Amid global lockdowns and a steep economic downturn, companies in Southeast Europe (SEE) booked only a modest decline in sales, but profits collapsed. Oil companies and car makers, the traditional leaders in the ranking, bore the brunt of the Covid-induced crisis as shrunken consumption, travel restrictions and disrupted supply chains ate into their bottom lines. At the winning end, retailers posted double-digit revenue growth, riding the wave of e-commerce. Pharmaceutical companies too fared well as sales volumes surged.
Romanian state-owned hydropower producer Hidroelectrica claimed the top spot in the ranking of the most profitable companies among the SEE TOP 100 entrants for 2020 for a second year in a row. Hidroelectrica’s return on revenue rose to 36.9% from 32.27% a year earlier. In 2020, the company sold 14.58 Twh of its own electricity production, 1.3% less than in 2019, while total electricity sales edged up 0.7%, to 15.96 Twh. In 2020, a two-year ban on the sale of state-held stakes in companies enforced by the government delayed the planned initial public offering (IPO) of Hidroelectrica. The IPO of a 10-15% stake in the company is expected to be the biggest in Romania’s history, seen fetching up to 1 billion euro. The company has in its portfolio 209 hydropower plants with a total installed capacity of 6,482 MW.
The combined net profit of the top 100 insurers in Southeastern Europe (SEE) went down to 476.4 million euro in 2020 from 496.8 million euro in the previous year. About 40% of the insurers in the top 100 list recorded a decline in net profit in an environment of unprecedented challenges caused by the coronavirus crisis and persisting low interest rates. SEE insurers, however, demonstrated resilience as their gross written premiums (GWP) remained unchanged at 8.1 billion euro. Still, nearly half of the entrants in this year’s ranking reported a decline in their GWP, including 14 that posted a double-digit fall.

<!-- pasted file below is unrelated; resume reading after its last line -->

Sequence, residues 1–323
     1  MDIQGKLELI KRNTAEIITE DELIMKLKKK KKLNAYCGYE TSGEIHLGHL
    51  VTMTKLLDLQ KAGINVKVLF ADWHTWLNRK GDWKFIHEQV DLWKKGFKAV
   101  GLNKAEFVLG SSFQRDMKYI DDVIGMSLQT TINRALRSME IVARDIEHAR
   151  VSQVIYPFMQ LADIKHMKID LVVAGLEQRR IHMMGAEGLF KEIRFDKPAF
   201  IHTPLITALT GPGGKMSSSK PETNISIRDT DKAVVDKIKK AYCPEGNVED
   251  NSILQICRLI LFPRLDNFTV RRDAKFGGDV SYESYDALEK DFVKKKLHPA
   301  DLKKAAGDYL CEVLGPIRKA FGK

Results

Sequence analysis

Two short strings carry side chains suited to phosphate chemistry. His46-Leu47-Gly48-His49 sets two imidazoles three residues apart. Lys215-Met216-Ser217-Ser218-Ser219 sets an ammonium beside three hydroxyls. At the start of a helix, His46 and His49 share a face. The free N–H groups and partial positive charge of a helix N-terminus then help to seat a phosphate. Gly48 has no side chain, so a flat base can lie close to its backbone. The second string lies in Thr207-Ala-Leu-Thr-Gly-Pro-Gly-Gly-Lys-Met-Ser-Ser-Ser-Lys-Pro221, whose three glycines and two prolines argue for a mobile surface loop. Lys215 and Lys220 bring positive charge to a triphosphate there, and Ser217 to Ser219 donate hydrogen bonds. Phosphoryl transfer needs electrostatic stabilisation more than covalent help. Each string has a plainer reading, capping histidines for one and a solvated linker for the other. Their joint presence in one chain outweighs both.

Energy companies hold the top three spots in the 2020 ranking of SEE companies by revenue per capita, led by Slovenia’s Petrol, which had the highest revenue per capita for the fourteenth consecutive year. The company decreased its revenue per capita to 1,176 euro in 2020 from 1,747 euro in 2019.
In the very beginning of the COVID-19 pandemic, people started getting wary of goods shipped from China. This included rumours spreading through social media of the virus being contracted from the surfaces of shipped goods. This led to a significant drop in interest in AliExpress. Although competitors like Amazon also felt it, the impact on the Chinese retailer was significantly harder.
The subsequent months of 2020 saw a period of recovery, with people searching for ways to shop as many items as possible online. This process was most visible in Bulgaria and to a lesser extent in other countries. By that time, Amazon had already caught up with its competitor and managed to overtake it in 2021 when shipping costs from China to Europe went through a major hike.
The banks in Southeast Europe (SEE) showed resilience in the pandemic-defined 2020, as their total assets continued to grow. The measures introduced by the authorities to reduce the impact of the Covid-19 spread, however, took a heavy toll on their bottom lines and only a few of the region’s top lenders managed to grow their net profit. Cross-border M&A activity further reshaped the region’s banking landscape as a bunch of big deals were completed in 2020.